Embracing Vulnerability

Photograph by IndianExpress.com

As the Olympic Games came to an end – celebrations of medals won, records broken and dreams still to be fulfilled – inspired generations to dust off running shoes, retrieve old bikes from sheds and up-cycle sports gear worn during endless Zoom sessions to engage in new and long forgotten activities.

The impressive and awe inspiring achievements by all olympians is they executed their art with such grace, brought nations to their feet in mutual admiration and applause. Now the fanfare moves on, a distant memory for some, in the clamour for the next news headline.

This would have been a unique historical games impart as its backdrop of a global pandemic the Coronavirus Games. Yet, maybe even reluctantly the issue of mental health to centre stage – in the guise of Simone Biles, representing the USA. Biles was embracing vulnerability in withdrawing from the games saying “I have to do what’s right for me and focus on my mental health and not jeopardise my health and well-being”. This action by Biles gives many of her fellow olympians the courage to do the same thing, as well as the rest of society the permission to acknowledge that is if ‘Ok not to be Ok’. Rather than be labelled as mentally weak – this stigma continually persists in society and institutions – questions the popular misconceptions across the social and cultural, racial and gender divides. Why are we failing in our endeavours to accept vulnerabiity in each other. Surely, leaves us missing a strength of creativity which can allow healing and bring nations, a greater understanding of themselves when dealing with mental health and those issues of fear, anxiety, loss, grief and anger.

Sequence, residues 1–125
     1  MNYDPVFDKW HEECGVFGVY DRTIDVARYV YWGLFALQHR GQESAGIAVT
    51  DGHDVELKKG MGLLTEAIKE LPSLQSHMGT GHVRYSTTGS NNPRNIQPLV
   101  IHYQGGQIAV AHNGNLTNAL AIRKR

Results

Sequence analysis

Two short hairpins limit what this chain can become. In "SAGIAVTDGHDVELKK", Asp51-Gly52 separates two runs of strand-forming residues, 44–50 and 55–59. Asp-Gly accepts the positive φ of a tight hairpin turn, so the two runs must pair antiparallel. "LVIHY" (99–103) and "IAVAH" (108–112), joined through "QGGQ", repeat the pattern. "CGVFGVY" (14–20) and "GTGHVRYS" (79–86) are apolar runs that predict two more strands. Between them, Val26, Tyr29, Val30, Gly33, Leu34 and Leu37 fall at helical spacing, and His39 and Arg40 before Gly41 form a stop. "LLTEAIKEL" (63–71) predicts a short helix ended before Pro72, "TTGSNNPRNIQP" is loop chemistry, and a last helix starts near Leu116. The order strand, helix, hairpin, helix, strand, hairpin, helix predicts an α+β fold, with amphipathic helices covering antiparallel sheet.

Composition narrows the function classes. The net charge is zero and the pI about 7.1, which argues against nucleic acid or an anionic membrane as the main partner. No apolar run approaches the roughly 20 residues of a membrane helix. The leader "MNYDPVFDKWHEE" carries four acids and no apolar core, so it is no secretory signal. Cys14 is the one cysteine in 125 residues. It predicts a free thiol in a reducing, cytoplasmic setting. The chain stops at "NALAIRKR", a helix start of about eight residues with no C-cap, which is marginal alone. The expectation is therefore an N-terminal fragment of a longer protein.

Simone Biles Photograph by Gettes Images – BBC

I’m reminded of the last time our collective awareness of mental health was timely interrupted/awakened as Prince Harry spoke of his own suppressed emotions after losing his mother Princes Diana. How the impact of his own emotional and mental health – led him to diverting his feelings of aggression and grief to the boxing ring – before finally coming to counselling 20 years later.

Prince Harry – Photograph by Jordan Strauss/IN NewYork (AP) Invision AP File)

These acts of courage and embracing vulnerability by Simone Biles and Prince Harry helps to move the stigma of mental health and give comfort and encouragement for many to realise we are not alone, and seek help.

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